The singer does, and yes 3 of us do back ups. I'd say we do more of the Rare Earth version.
Not 'Darling' by the Beach Boys?Very likely its Sweet Home Alabama, given the frequency of that as a bar band staple for the 40 years since I started. In recent years, it's definitely Oh Darling, as I've become associated with that in our little scene, so even if I come up to do a song with someone else's band, they usually have me play that. In our show, if any of our regulars are in the audience, I'll get killed if I don't play it. Alternatively fun and/or tiresome, but if someone wants you to play a song cuz of the way you specifically do it, then you do it, dammit
Sinatra said Strangers in the night was the worst f****** song ever written. I love it! Does your buddy do that one?Probably "Fly Me to the Moon." I've played on and off since 1997 with a singer who does Great American Songbook tunes (a la Sinatra, Tony Bennett, and Nat "King" Cole), and he does that song at just about every gig. I haven't played with him much in the last few years, but for quite a long time I was playing with him as much as 5-10 times a month.
Sinatra said Strangers in the night was the worst f****** song ever written. I love it! Does your buddy do that one?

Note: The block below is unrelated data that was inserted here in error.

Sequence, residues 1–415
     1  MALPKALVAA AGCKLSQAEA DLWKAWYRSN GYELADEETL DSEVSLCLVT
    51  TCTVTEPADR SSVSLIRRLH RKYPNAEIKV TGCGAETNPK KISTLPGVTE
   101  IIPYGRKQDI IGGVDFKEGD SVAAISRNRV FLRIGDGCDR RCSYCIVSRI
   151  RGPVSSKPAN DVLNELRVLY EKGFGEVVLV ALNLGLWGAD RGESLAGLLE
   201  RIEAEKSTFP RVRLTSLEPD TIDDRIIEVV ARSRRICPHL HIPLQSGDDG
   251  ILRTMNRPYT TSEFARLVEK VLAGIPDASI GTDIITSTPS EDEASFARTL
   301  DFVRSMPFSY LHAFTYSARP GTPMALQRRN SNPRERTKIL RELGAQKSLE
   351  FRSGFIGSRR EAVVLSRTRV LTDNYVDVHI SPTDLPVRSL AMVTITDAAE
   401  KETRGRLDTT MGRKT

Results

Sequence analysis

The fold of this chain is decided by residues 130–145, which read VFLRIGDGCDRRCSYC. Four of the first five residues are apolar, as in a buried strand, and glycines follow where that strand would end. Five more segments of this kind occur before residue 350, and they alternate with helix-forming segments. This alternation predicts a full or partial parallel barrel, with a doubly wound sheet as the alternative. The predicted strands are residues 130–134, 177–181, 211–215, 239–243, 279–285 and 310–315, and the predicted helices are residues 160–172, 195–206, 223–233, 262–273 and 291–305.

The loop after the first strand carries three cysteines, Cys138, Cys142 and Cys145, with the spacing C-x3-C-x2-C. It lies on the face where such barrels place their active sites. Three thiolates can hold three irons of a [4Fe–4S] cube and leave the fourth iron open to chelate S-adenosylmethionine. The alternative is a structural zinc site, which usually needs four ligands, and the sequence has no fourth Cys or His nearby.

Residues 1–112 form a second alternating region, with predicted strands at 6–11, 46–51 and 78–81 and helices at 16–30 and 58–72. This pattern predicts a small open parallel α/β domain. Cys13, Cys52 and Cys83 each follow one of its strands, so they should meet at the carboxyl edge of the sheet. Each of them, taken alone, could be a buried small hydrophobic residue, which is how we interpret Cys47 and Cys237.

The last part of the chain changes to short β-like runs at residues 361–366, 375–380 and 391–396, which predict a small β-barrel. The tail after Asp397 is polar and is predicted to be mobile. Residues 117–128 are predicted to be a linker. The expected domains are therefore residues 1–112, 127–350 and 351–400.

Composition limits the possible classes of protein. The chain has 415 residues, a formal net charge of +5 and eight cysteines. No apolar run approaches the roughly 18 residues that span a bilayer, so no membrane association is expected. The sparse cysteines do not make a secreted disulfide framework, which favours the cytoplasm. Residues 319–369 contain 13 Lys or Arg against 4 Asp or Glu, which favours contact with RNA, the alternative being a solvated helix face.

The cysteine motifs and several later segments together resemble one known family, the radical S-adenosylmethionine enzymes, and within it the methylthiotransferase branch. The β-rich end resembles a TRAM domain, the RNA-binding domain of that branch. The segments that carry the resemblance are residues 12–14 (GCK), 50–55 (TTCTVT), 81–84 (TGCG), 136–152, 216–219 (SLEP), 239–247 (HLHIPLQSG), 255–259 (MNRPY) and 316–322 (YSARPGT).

No, for some reason he never does that one. Another Sinatra tune he almost never does is "My Way." He'll only do it on rare occasions when someone requests it.
Thinking about "Strangers in the Night" reminds me of a joke that bandleader told me a while ago. Seems that this one jazz combo was playing a society gig, and between tunes they were approached by a large, tough looking Italian gentleman.
"Hey, you motherf***kers--play 'Strangers in the Night' in 5/4!"
At this odd request, the bandleader was hesitant. "Well, we can play the song, but not in 5/4," he said. "It doesn't really lend itself to that time signature..."
"Hey, did you not hear me, you motherf***ker?" the man growled. "I SAID to f***king play 'Strangers in the Night' in f***king 5/4!!"
At this outburst the band hurriedly complied. As the first few measures of the tune came floating out over the dance floor in 5/4, the man stepped up to the microphone, and suddenly began to sing:
"Strangers in the f***king night..."